June 11, 2012
You guys!!! It’s me! Look! Here I am! I’m an Israeli now, you know.
Remember in the days of yesteryear when I used to be a blogger? Those were good days. I’m sorry for not blogging more while I was in Israel. The Internet connection was a bit slow, and pictures took about eighty years to load. That, combined with my impatience and my exhaustion each night after climbing every hill in Israel meant lonely times for the bloggy.
So, I’ve been back from Israel for a week now. I’m still not sure what happened or what time it is. I don’t even know how to organize my thoughts so that I can share all the awesomeness of Israel with you. It’s kind of overwhelming. So, I won’t try to do it all at once. If it’s OK with you, I’ll just share bit by bit as I remember and process.
Here are the main things I’ve been telling people when they ask about the trip:
1. Israel is so tiny. You can tell that it’s small when you look on the map, but seriously it is small. I think it’s about the size of New Jersey. From Jerusalem, you can look to the east and clearly see the hills of the country of Jordan. You can also see the valley that dips down and leads to the Dead Sea. Bethlehem is a 15-minute drive from Jerusalem. Jericho is 45 minutes east. Tel Aviv and the Mediterranean Sea — 50 minute drive from Jerusalem.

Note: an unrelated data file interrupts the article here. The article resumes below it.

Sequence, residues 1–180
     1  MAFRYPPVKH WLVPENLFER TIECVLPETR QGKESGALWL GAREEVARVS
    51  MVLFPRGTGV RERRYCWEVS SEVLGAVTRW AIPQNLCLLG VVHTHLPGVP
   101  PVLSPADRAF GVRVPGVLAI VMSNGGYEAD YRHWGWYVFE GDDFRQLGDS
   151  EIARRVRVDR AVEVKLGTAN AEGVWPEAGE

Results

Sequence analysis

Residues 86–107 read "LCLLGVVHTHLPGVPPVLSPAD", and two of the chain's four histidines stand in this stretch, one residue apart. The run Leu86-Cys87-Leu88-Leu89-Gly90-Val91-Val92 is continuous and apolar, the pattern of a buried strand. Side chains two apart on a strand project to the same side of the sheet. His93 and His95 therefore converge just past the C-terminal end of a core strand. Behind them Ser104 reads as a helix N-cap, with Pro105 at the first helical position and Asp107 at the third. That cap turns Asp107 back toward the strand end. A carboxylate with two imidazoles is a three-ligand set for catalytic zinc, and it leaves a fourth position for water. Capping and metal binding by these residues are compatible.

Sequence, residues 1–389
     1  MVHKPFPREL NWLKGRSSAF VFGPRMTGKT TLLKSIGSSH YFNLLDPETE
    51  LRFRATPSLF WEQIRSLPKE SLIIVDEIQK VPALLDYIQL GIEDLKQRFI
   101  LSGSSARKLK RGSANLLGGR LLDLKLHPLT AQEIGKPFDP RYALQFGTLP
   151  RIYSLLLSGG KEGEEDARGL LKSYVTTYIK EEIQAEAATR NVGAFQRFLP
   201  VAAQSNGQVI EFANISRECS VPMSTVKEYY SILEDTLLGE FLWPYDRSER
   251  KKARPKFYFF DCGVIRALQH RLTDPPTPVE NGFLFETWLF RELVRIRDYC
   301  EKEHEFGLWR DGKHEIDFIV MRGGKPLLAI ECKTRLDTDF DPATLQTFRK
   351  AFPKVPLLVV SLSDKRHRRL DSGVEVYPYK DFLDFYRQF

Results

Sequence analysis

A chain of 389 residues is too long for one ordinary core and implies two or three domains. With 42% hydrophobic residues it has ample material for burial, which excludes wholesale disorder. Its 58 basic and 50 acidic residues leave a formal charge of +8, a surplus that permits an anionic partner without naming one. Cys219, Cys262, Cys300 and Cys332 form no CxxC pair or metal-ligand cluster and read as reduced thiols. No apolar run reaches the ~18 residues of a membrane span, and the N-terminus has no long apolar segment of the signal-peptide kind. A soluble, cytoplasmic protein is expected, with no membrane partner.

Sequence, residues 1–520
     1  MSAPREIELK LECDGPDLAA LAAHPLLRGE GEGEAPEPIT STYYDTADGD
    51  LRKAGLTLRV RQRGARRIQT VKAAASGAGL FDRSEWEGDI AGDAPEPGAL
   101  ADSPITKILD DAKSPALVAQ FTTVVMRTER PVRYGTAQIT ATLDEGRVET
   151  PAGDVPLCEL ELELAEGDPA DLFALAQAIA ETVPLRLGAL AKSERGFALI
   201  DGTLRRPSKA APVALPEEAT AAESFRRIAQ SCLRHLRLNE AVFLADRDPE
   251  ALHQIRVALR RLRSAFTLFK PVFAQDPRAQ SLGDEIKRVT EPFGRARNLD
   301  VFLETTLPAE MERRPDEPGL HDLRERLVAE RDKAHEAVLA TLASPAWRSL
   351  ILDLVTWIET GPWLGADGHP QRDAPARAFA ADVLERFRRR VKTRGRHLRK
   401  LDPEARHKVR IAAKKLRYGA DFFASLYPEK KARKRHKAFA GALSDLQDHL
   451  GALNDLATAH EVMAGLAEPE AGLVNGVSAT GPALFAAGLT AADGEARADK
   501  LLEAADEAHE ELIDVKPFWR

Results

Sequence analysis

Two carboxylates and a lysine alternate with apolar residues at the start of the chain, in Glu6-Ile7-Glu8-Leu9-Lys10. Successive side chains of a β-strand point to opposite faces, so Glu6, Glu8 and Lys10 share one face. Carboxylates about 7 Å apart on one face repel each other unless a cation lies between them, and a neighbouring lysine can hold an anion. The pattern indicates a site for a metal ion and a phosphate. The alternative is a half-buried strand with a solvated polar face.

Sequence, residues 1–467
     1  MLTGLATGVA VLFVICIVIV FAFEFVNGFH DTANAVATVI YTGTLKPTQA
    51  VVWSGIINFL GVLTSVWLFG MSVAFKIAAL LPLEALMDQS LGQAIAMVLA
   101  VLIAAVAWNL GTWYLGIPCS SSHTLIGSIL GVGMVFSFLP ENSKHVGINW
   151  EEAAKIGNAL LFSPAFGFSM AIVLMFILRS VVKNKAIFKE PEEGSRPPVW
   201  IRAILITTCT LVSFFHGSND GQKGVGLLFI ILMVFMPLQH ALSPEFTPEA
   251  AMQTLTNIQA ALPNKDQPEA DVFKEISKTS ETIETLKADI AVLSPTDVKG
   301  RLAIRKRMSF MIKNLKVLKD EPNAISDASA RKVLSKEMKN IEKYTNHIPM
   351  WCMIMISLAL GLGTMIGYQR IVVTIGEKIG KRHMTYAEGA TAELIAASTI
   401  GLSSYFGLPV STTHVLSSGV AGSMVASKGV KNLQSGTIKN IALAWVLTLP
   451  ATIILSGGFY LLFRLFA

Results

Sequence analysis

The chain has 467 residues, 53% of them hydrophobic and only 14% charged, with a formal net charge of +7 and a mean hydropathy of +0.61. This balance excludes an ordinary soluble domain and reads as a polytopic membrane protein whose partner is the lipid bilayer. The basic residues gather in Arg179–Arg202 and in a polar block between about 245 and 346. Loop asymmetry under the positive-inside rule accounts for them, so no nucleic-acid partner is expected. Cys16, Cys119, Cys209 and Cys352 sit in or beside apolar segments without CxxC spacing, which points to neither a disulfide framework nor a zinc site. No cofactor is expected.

2. Although it is small, there is so much variety in the land. It is full of hills and valleys and mountains. Mount Hermon is in the north of Israel and we saw tons of snow on it when we were there. About three to four hours south of there is the Dead Sea — the lowest point on earth — and complete scorching desert. In some areas there’s tons of vegetation — rolling meadows, flowers, grape vines, almond and fig trees, wheat and olives. In other areas, there is desert — brown and red sands where nothing is growing. It is humid in the north and dry in the south. You can drive 45 minutes in any direction from Jerusalem and the topography of the land changes completely.
3. Cucumbers and tomatoes. Always. Every meal. Breakfast, lunch and dinner. I’m so over cucumbers. Jeff had warned me about this, but I didn’t believe him. He was right.